According to an embodiment of the present invention, a method for capturing and analyzing data communicated in a communications link is described. The method can include receiving a first timestamp; receiving a second timestamp, receiving a plurality of data records, calculating intermediate timestamps that are intermediate to the first timestamp and the second timestamp using interpolation between the first timestamp and the second timestamp, associating one or more of the intermediate timestamps with one or more of the plurality of data records, and conducting analysis of the data records.

Additional features and advantages of the invention will be set forth in the description which follows, and in part will be obvious from the description, or may be learned by the practice of the invention. The features and advantages of the invention can be realized and obtained using the instruments and combinations particularly pointed out in the appended claims. These and other features of the present invention will become more fully apparent from the following description and appended claims, or can be learned by the practice of the invention as set forth hereinafter.

BRIEF DESCRIPTION OF THE DRAWINGS

To further clarify the above and other advantages and features of the present invention, a more particular description of the invention will be rendered by reference to specific embodiments thereof which are illustrated in the appended drawings. It is appreciated that these drawings depict only typical embodiments of the invention and are therefore not to be considered limiting of its scope. The invention will be described and explained with additional specificity and detail through the use of the accompanying drawings in which:

FIG. 1 illustrates a suitable computer processing environment in which at least certain aspects of embodiments of the invention may be implemented.

FIG. 2 is a block diagram illustrating a method for assigning intermediate timestamp values using interpolation according to an example embodiment of the present invention;

FIG. 3 illustrates a data analysis apparatus according to an example embodiment of the present invention;

FIG. 4 illustrates a data capture and analysis apparatus according to an example embodiment of the present invention;

FIG. 5 illustrates a data capture and analysis system according to an example embodiment of the present invention; and

FIG. 6 is a block diagram illustrating a method for capturing and analyzing data communicated in a communications link according to an example embodiment of the present invention.

DETAILED DESCRIPTION OF THE PREFERRED EMBODIMENTS

The present invention relates to capture and analysis of data communicated in a communications link. The principles of the present invention are described with reference to the attached drawings to illustrate the structure and operation of example embodiments used to implement the present invention. Using the diagrams and description in this manner to present the invention should not be construed as limiting its scope. Additional features and advantages of the invention will in part be obvious from the description, including the claims, or may be learned by the practice of the invention. Detailed descriptions of well-known components and processing techniques are omitted so as not to unnecessarily obscure the invention in detail.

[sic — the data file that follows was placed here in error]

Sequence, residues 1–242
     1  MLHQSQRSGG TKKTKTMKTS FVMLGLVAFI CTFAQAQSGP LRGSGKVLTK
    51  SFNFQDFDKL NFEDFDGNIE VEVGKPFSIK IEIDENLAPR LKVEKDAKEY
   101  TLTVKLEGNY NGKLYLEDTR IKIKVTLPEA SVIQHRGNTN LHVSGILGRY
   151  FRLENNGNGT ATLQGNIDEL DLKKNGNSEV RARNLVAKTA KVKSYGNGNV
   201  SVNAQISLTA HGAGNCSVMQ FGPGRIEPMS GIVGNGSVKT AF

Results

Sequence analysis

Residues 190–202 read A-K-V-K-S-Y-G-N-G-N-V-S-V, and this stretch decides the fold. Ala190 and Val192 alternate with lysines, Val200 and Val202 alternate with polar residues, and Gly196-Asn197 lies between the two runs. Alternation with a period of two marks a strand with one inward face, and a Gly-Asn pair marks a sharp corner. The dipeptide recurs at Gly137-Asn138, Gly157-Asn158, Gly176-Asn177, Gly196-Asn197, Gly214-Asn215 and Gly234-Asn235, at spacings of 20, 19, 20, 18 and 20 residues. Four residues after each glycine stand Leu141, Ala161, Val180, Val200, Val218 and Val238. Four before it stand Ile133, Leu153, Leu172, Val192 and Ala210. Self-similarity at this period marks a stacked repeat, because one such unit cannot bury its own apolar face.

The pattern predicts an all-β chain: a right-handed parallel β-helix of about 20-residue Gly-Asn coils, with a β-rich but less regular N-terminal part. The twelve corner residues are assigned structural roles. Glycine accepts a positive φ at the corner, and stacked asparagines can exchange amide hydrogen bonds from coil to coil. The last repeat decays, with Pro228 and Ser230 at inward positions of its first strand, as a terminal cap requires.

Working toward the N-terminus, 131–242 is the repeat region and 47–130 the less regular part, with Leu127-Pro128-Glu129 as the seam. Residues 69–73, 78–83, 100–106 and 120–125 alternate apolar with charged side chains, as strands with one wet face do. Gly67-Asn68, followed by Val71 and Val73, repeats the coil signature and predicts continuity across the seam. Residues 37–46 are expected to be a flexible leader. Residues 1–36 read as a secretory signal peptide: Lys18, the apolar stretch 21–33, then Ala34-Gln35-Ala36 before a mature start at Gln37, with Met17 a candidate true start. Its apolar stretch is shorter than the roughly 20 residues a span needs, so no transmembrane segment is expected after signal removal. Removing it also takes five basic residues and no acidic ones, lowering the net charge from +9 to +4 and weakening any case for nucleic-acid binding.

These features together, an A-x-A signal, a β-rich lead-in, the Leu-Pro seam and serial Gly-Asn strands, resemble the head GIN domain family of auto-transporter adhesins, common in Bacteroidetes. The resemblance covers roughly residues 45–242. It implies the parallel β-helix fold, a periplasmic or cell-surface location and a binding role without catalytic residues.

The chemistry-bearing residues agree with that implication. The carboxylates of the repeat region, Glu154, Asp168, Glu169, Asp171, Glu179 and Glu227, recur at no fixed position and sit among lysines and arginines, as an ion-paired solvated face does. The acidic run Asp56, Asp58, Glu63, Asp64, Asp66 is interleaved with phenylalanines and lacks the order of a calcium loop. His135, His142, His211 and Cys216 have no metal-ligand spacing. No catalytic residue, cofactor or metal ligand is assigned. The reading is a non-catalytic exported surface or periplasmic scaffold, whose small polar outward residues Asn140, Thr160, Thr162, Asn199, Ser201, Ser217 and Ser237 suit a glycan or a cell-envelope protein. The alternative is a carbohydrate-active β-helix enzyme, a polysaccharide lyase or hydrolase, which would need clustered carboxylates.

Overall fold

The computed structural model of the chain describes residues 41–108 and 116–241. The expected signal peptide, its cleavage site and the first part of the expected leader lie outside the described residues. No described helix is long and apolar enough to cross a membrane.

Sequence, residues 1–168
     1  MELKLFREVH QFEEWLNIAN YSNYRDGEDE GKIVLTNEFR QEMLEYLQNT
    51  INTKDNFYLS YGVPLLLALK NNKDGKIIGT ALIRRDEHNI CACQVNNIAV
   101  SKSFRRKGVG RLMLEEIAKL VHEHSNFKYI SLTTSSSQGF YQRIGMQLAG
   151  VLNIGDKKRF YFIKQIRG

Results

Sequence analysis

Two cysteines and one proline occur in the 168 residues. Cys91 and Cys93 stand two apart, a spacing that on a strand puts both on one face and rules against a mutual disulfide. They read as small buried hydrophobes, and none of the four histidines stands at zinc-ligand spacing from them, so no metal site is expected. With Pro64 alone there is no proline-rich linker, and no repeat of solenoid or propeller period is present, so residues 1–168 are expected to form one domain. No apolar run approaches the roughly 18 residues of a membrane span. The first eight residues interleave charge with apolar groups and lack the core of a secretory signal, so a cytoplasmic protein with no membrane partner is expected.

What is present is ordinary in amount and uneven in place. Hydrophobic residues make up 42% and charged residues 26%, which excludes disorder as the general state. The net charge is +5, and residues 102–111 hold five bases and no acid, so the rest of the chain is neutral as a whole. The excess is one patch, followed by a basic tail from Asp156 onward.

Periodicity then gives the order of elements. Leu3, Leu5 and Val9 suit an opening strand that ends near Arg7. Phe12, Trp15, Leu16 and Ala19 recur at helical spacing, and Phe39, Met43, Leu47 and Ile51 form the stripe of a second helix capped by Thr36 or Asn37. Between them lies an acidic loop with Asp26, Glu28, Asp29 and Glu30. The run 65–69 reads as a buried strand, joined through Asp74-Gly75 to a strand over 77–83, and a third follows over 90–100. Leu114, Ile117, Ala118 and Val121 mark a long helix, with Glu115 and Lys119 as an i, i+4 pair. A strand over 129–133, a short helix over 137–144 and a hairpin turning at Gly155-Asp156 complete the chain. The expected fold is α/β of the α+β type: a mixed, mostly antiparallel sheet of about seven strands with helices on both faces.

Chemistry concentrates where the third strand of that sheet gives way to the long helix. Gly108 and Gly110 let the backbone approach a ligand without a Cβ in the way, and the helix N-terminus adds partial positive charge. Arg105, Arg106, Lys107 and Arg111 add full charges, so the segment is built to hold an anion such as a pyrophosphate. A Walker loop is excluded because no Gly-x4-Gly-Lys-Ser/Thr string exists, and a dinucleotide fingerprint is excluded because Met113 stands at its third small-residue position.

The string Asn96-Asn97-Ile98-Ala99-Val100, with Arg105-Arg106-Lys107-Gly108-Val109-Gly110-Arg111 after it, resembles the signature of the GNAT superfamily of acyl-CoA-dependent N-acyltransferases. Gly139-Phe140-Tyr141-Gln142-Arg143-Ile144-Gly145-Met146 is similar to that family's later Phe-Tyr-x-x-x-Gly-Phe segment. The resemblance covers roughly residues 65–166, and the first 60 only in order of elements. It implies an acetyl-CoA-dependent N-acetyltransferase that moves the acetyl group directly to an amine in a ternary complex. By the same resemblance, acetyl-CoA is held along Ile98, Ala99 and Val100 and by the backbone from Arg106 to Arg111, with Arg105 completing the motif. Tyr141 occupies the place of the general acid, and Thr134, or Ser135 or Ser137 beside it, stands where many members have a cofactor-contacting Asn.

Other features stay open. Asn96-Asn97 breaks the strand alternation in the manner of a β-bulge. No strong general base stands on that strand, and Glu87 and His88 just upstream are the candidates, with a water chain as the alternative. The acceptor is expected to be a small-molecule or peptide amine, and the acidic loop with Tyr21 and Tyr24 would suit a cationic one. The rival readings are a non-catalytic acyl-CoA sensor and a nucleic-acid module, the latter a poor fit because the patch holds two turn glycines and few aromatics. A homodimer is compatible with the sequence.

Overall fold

The embodiments of the present invention may comprise a special purpose or general-purpose computer, processor, or logic device including various computer hardware and devices, as discussed in greater detail below. Embodiments within the scope of the present invention also include computer-readable media for carrying or having computer-executable instructions or data structures stored thereon. Such computer-readable media can be any available media that can be accessed by a general purpose or special purpose computer. By way of example, and not limitation, such computer-readable media can comprise RAM, ROM, EEPROM, CD-ROM or other optical disk storage, magnetic disk storage or other magnetic storage devices, or any other medium which can be used to carry or store desired program code means in the form of computer-executable instructions or data structures and which can be accessed by a general purpose computer, special purpose computer, or other processing device. When information is transferred or provided over a network or another communication connection (either hardwired, wireless, or a combination of hardwired or wireless) to a computer, the computer properly views the connection as a computer-readable medium. Thus, any such connection is properly termed a computer-readable medium. Various combinations of the above should also be included within the scope of computer-readable media. Computer-executable instructions comprise, for example, instructions, logic, and data which cause a general purpose computer, special purpose computer, or special purpose processing device to perform a certain function or group of functions.

FIG. 1 and the following discussion are intended to provide a brief, general description of a suitable computer processing environment in which at least certain aspects of embodiments of the invention may be implemented. Although not required, the invention will be described in the general context of computer-executable instructions, such as program modules, being executed by computers in network environments. Generally, program modules include routines, programs, objects, components, data structures, etc. that perform particular tasks or implement particular abstract data types. Computer-executable instructions, associated data structures, and program modules represent examples of the program code means for executing steps of the methods disclosed herein. The particular sequence of such executable instructions or associated data structures represents examples of corresponding acts for implementing the functions described in such steps. These acts and steps can be performed on a computer as described, or may be performed at least in part using other logic devices executing instructions implemented as logic loaded onto the logic device.